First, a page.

The principle of the public school model may sound ideal for some parents. But of course, nothing is as good as ever as good as it sounds. Parents will often hear school administrators citing budgetary and administrative constraints that limit their ability to enact certain plans or achieve certain goals. In practice, this means that a child with autism is most likely to get an adequate education based on someone else's definition of "moderately successful."

There are different ways this can play out:

  • In some cases, what looks at first like an adequate educational program really isn't. A child with huge sensory and behavioral issues is never going to do well in a mainstream setting. A child with high functioning autism is not going to thrive in a classroom filled with profoundly challenged kids. In those fairly extreme cases, it's often possible to make a case for change on your own or through an advocate or mediator. Frequently, districts will see the problem and make changes based on your child's individual needs.
  • You may not like the autism support program offered by your district. Some districts have set up an ABA (Applied Behavioral Analysis) program for their autistic students at great expense only to be sued by parents who are uncomfortable with ABA and prefer developmental therapies. Some districts have created autism classrooms complete with sensory integration facilities, only to have many parents object because they would prefer to have their child mainstreamed into a typical classroom.​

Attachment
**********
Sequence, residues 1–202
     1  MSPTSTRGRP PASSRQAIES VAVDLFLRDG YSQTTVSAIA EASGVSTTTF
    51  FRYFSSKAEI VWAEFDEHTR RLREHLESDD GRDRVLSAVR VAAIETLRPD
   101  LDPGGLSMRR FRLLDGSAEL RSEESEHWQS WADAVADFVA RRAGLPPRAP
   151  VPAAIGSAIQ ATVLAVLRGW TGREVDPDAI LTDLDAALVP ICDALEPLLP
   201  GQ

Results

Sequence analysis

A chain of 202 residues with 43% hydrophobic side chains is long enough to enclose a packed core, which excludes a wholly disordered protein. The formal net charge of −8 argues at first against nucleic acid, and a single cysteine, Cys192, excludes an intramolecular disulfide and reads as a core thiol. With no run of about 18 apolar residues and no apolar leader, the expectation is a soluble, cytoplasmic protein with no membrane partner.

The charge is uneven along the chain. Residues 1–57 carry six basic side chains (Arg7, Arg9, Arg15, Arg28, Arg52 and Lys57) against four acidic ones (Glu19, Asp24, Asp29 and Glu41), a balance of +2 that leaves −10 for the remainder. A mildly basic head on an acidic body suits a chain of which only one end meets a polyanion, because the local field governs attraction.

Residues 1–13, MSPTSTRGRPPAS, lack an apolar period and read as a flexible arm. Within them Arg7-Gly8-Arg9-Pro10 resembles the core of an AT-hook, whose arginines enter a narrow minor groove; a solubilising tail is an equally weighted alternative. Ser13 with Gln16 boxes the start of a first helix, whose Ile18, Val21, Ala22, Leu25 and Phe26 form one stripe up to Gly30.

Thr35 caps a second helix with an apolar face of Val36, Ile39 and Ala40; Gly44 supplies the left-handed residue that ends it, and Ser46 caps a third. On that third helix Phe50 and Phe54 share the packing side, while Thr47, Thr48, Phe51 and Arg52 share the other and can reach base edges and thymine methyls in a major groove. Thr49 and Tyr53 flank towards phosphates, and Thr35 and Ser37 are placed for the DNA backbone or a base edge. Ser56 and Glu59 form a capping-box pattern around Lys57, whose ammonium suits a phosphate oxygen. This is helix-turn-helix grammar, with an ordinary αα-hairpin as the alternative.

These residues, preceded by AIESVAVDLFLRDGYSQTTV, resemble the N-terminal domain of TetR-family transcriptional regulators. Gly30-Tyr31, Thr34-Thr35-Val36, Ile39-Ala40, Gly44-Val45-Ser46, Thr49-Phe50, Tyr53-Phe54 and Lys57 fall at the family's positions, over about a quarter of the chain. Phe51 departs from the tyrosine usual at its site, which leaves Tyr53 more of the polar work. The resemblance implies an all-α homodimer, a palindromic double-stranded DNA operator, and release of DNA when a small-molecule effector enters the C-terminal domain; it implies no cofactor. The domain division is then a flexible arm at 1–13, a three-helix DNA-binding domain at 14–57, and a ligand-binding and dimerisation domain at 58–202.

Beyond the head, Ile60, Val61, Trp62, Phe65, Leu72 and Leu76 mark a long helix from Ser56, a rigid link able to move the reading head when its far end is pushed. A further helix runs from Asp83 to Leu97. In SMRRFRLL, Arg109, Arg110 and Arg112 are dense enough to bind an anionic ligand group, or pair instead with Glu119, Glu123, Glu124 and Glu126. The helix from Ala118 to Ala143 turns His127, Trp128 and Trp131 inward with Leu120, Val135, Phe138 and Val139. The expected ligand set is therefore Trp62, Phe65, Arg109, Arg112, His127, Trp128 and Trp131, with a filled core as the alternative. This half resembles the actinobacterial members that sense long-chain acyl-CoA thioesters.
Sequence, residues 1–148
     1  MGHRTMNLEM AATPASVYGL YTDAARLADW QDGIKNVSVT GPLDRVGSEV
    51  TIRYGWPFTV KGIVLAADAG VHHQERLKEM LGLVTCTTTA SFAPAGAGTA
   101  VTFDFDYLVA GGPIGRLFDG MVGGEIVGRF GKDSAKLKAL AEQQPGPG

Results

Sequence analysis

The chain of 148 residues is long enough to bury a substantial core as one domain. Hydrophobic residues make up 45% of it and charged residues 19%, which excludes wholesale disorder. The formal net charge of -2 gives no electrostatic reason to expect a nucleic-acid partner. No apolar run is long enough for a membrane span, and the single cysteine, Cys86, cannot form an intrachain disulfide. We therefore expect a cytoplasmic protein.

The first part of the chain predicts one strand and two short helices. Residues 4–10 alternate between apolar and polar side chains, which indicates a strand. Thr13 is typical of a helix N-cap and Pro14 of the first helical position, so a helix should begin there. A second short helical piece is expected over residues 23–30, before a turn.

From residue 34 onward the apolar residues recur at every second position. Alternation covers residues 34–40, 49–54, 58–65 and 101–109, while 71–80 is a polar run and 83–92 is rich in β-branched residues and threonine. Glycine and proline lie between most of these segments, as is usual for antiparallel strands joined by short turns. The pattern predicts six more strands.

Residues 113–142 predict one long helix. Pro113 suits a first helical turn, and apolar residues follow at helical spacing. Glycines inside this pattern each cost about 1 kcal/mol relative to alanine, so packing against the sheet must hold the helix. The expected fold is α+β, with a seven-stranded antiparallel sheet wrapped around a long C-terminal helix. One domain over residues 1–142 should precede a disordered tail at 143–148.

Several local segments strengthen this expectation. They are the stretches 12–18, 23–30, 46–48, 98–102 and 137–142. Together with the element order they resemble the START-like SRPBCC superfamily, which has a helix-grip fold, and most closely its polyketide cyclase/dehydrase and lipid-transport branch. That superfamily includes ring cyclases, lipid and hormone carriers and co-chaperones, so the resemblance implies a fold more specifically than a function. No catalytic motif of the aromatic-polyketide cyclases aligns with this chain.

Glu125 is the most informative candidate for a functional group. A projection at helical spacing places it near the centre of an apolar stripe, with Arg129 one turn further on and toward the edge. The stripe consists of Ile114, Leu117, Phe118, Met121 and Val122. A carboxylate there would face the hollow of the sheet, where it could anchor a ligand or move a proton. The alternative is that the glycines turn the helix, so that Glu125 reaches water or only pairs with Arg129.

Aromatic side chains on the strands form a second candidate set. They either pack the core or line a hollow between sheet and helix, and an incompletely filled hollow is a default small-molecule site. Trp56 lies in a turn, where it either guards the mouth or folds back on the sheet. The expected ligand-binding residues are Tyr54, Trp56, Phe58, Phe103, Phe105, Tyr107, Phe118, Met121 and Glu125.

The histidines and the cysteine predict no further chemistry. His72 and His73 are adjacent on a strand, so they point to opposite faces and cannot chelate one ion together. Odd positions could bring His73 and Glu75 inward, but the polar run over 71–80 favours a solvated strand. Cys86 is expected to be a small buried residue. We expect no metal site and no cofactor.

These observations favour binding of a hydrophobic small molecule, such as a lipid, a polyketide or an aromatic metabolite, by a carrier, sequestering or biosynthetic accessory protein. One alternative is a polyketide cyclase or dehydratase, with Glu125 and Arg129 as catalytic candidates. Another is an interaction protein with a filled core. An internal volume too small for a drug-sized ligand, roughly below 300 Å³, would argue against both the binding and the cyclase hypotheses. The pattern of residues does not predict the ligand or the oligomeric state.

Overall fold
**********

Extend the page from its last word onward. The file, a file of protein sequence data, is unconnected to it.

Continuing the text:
• Autistic children are often targets for bullying. They behave, move, and sound different from their peers and often lack the verbal and social skills to stand up for themselves. This is surprisingly more prevalent for children with high functioning autism, as they are more likely to be included in typical classes and sensitive to bullying behaviors.
  • Autistic children may find the sensory challenges of typical school to be overwhelming and upsetting. It can be exhausting to spend the day in a setting that is very loud, bright, and crowded. Standing in line, coping with gym class, and reacting to loud buzzers can be too much much for some children.

The Bottom Line

There are many different ways to accommodate autistic children, and autistic children are radically different from one another. That means that there is really only one way to find out if your child will do well in a public school, and that's to give it a try. Your child might also thrive in a public setting for a period of time and then run into problems (or vice versa).

The key to success is to stay closely connected to your child's experience by communicating with his teacher(s), aides, therapists, and guidance counselors on a regular basis.

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Article Sources
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  1. U.S. Department of Education. Free appropriate public education for students with disabilities: requirements under Section 504 of the Rehabilitation Act of 1973. August 2010.

  2. Morris EK. A case study in the misrepresentation of applied behavior analysis in autism: the Gernsbacher lectures. Behav Anal. 2009;32(1):205-40. doi:10.1007/bf03392184